Cultural Holidays in France: Where to Go and What to Book

Courchevel, France haveseen/iStock / Getty Images Plus/ Getty Images
haveseen/iStock / Getty Images Plus/ Getty Images


by Telegraph Travel's France experts, The Daily Telegraph, January 10, 2017

How to book the best French cultural holiday, with advice on châteaux, historical sites, and festivals, our experts' favourite places to visit, and the best tour operators. By Telegraph Travel's France experts.

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France is so full of culture that it's a wonder there's room for anything else. And the French look after it with exceptional zeal. There are few walls over five years old which lack a preservation order. So there are choices to be made, whether you're on a wholly cultural break, or merely require a bit of culture to elevate an otherwise idle holiday.

For pre-history, you need the Lot or the Dordogne and, especially, the Vézère valley, which late Palaeolithic man found a particularly des res.. The museum in Les Eyzies has the story, the Font-de-Gaume cave the most moving wall art. Later, the Romans were all over the place, but I'd head south for the great arenas of Nîmes and Arles (where they're still spilling blood, in bull-fights), and the nearby Pont-du-Gard, the ancient world's finest aqueduct astoundingly intact.

Fans of medieval times will be looking for the magnificent Gothic cathedrals - Reims, Rouen, Beauvais, Chartres, the biggest of the lot at Amiens and, naturally, Notre-Dame in Paris. But they should also divert to one of France's most fascinating historical sites: Guédelon at Treigny in northern Burgundy ( ). Here stout folk are recreating a 13th-century castle using only 13th-century methods.

The Loire châteaux are maybe the greatest collection of Renaissance buildings anywhere. But do read up a bit before going, and don't over-do it: two châteaux a day, max. Otherwise, monumental stone will overwhelm you. The 17th-century - France's Grand Siècle - starred Louis XIV, rigidly formal gardens and the unsurpassed Palace of Versailles. (Go off-season; in July and August, the crowds are suffocating.)

Such ancien régime excesses led to the French revolution. Essentially, a Parisianrevolution, this may be tackled, first, by visiting the Musée Carnavalet - Paris' history museum ( ) - and then by a revolution-themed walking tour. Try the British-owned Paris Walks ( ). The 19th-century had the Impressionists capturing movement and light in Paris, the Ile-de-France and Normandy. Alongside the Orangerie ( ) and Musée d’Orsay ( ) in the capital, don't ignore the Fine Arts Museums in Caen, Rouen, and Le Havre.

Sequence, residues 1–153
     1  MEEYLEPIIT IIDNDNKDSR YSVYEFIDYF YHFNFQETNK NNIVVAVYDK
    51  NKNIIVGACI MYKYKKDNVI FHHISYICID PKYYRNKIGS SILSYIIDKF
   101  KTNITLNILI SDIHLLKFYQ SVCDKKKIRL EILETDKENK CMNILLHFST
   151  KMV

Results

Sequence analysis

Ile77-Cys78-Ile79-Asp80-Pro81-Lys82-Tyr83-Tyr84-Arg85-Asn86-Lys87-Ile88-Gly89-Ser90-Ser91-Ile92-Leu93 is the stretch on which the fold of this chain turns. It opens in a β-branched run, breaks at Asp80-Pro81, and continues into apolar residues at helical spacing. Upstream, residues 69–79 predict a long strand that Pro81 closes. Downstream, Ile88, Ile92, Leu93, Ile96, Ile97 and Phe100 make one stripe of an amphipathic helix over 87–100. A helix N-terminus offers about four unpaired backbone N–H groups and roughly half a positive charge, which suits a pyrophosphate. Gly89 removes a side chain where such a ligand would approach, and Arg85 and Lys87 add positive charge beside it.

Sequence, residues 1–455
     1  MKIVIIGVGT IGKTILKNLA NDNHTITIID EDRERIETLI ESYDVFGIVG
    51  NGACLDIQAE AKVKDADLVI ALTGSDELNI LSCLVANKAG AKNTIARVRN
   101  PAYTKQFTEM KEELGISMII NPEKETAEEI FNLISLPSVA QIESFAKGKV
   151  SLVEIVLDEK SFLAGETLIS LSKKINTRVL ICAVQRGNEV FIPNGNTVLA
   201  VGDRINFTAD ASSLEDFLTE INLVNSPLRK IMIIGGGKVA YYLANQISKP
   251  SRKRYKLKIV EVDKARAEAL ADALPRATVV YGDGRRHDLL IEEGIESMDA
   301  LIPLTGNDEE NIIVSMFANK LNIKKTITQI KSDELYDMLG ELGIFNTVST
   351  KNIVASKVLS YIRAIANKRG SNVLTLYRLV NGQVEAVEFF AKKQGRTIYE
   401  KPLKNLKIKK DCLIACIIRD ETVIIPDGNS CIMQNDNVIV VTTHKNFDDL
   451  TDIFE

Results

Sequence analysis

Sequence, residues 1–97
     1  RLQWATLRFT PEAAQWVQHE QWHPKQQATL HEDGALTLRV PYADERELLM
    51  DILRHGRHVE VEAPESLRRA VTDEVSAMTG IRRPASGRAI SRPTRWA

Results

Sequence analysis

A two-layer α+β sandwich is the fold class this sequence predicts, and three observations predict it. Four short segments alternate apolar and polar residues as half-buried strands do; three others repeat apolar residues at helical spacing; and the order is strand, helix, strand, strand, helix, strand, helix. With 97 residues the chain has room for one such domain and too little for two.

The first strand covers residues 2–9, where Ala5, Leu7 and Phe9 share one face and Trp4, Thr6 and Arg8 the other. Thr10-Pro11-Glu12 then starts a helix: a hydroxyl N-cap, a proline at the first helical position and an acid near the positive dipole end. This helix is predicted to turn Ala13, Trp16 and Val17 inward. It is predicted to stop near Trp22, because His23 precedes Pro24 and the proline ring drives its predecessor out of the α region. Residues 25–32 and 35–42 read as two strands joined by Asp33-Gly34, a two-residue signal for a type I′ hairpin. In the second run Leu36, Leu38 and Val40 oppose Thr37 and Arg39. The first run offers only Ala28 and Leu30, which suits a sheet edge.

Modern artists – Matisse, Picasso, Léger, Cocteau - headed south, for the light, and the flexible morality. You’ll find them in eponymous museums in, respectively, Nice, Antibes, Biot and Menton. Meanwhile, contemporary art gathers, of course, at the Parisian Pompidou centre – which now has a branch at Metz ( ), just as the Louvre has a brand new outpost in the old mining centre of Lens ( ). This latter works brilliantly, allowing an overview of world art in two hours – rather than the two decades it would take to bottom the main collections in Paris.

Meanwhile, there is scarcely a village or town in France which doesn’t have a festival. Headliners abound – theatre in Avignon (which becomes Edinburgh-on-Rhône for the month of July), opera in Aix, cinema in Cannes, rock with the Vieilles Charrues at Carhaix  – but hundreds of smaller events may be as rewarding: jazz in Marciac in Gascony, contemporary dance in Montpellier or piano at La Roque d’Anthéron. For an indication of what’s available, look at .

On a practical note, many national museums are free on the first Sunday of each month – and cities have their own policies for their own, municipal museums. In Nice, for instance, they’re all free full-time. Across France, national museums like the Louvre tend to shut every Tuesday. Others close on Mondays.

Most cities and/or regions also have museum or culture passes. These require a certain amount of fine calculation, depending on how many sites you intend to see. The Paris Museum Pass, for instance, costs €39 for two days (€54 for four, €69 for six; ). Typically, you’ll justify the two-day pass if you visit four sites – say, the Louvre, Musée d’Orsay, Arc de Triomphe and Pompidou Centre. The pass also gets you to the head of the queue, which is no mean advantage.

Tour operators offering cultural holidays in France

Specialist tours

Most of these tours are led by experts, and in relatively small groups. 

ACE Cultural Tours (01223 841055; ) Themed on art, architecture and history. 

Andante Travels (01722 713800; ) Archaeology specialist, with new Hidden Paris and Languedoc Cathars & Crusaders tours.

JMB Travel (01242 220394; ) Arranges visits to the Aix music festival and Paris opera. 

The Musée d'Orsay had a wonderful rehangCredit: Alamy

Leger holidays (0844 504 6251; )
The leading battlefields specialist, with a number of new World War One and World War Two tours in 2015, including the use of tanks and special forces in Normandy. 

Kirker Holidays (020 7593 1899; ) Art on the French Riviera and Gardens of the Côte d’Azur tours are new. 

Martin Randall Travel (020 8742 3355; ) 17 learned, upmarket tours to France in 2015, covering history, architecture, art, gardens, ballet, music. 

RHS Garden Holidays (0800 804 8710; ) A "Gardens of the Loire" tour. 


This article was written by Telegraph Travel's France experts from The Daily Telegraph and was legally licensed through the NewsCred publisher network.

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